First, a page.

What about Nigeria’s rich ethnic and linguistic diversity? What about the creative genius of its art and craft and the fascinating meteorological diversities of its regions? And so on and so forth. Why is none of these captured representationally on the national flag?
It takes little or no imagination to design a flag with two mind-numbingly commonsensical colours. In fact, it takes a spectacular lack of imagination to design the kind of uninspired and uninspiring flag that Nigeria hoists. It fills me with enormous shame that we call that irredeemably nondescript esthetic embarrassment our national flag.
To be fair to the man who designed it, his original entry, according to the Wikipedia entry on the Flag of Nigeria, “had a red sun with streaming rays placed at the top of the white stripe.” But the British colonial judges, who chose his design as the best out of thousands of entries, removed the red sun.
Any wonder we’ve been enveloped by metaphorical and literal darkness since independence? What could be the judges’ motivation for foisting a bland, colorless (never mind that it has two colours!), and uninspiring flag on Nigeria?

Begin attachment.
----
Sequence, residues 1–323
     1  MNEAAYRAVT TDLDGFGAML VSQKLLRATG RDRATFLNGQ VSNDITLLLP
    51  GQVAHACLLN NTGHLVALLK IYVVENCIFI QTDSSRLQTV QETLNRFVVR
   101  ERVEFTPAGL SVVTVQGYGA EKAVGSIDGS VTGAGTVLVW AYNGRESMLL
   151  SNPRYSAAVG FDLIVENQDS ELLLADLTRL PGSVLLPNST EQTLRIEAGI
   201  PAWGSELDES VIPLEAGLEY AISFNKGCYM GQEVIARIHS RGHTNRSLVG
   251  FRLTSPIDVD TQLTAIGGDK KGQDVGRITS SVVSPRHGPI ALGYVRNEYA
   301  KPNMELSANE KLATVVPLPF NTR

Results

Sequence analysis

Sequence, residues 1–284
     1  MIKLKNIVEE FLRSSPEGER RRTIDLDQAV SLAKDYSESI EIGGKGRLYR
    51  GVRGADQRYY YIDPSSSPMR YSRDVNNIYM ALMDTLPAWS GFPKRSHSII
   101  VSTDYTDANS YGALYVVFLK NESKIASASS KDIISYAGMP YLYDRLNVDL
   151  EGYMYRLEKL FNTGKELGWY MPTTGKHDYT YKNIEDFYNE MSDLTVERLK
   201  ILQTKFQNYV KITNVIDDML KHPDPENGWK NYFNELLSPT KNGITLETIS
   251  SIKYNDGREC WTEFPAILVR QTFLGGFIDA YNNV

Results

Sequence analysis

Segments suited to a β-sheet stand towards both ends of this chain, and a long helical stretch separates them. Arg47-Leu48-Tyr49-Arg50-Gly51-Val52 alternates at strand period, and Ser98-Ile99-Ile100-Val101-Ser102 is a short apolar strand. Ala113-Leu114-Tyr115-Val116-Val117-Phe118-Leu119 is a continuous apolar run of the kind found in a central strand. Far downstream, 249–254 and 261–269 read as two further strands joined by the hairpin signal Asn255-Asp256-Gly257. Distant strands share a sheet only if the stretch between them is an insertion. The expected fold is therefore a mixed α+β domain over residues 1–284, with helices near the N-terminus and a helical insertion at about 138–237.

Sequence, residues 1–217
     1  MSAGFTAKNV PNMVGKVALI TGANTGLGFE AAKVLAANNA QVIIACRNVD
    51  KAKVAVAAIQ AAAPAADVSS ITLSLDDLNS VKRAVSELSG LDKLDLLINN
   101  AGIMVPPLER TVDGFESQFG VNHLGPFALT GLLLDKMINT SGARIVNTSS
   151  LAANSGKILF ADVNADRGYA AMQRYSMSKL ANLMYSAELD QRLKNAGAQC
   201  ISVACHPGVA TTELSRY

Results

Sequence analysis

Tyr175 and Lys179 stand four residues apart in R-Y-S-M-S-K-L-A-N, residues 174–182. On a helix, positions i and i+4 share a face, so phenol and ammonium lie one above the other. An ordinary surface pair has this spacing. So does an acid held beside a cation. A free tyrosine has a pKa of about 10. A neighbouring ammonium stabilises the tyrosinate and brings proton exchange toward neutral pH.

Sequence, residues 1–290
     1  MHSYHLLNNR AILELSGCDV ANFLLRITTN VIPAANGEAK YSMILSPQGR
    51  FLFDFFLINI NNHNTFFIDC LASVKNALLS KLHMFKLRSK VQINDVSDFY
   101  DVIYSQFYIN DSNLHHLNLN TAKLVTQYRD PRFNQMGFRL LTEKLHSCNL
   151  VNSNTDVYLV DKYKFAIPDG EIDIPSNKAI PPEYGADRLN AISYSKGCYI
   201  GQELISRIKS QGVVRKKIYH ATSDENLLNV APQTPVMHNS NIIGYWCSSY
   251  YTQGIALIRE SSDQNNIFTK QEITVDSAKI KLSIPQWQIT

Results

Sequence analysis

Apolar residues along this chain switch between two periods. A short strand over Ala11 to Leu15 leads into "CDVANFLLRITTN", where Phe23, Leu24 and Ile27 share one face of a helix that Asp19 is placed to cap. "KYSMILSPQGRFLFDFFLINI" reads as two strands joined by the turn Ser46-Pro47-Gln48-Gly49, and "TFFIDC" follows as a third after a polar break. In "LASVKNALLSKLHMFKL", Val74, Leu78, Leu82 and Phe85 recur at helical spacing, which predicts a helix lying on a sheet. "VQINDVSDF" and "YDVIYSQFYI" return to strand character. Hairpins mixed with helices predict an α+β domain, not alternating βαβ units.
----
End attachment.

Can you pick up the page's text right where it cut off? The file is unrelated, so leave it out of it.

But we have been “independent” from British colonial rule for 59 years now. Isn’t it about time we rethought the colours and design of our national flag? For one, it is a holdover from colonialism; it wasn’t a product of a post-independence effort. Since we managed to change our colonially inherited national anthem (which, sadly, is worse than its predecessor in content, cadence, and creativity) we can also change our national flag. It isn’t a sacred symbol, after all.
In any case, it’s customary for countries to redesign their national flags—if they have a reason to. Britain’s national flag, for instance, has been changed many times since 1603 when it was first designed.
And we have many good reasons to change ours. Nigeria is no longer the agricultural country it was when the flag was conceived and designed. The groundnut pyramids of the pre-independence and post-independence eras in northern Nigeria have evaporated into thin air. The cocoa farms in southwest Nigeria have been lost irretrievably. All over Nigeria, we have condemned ourselves to subsistence farming.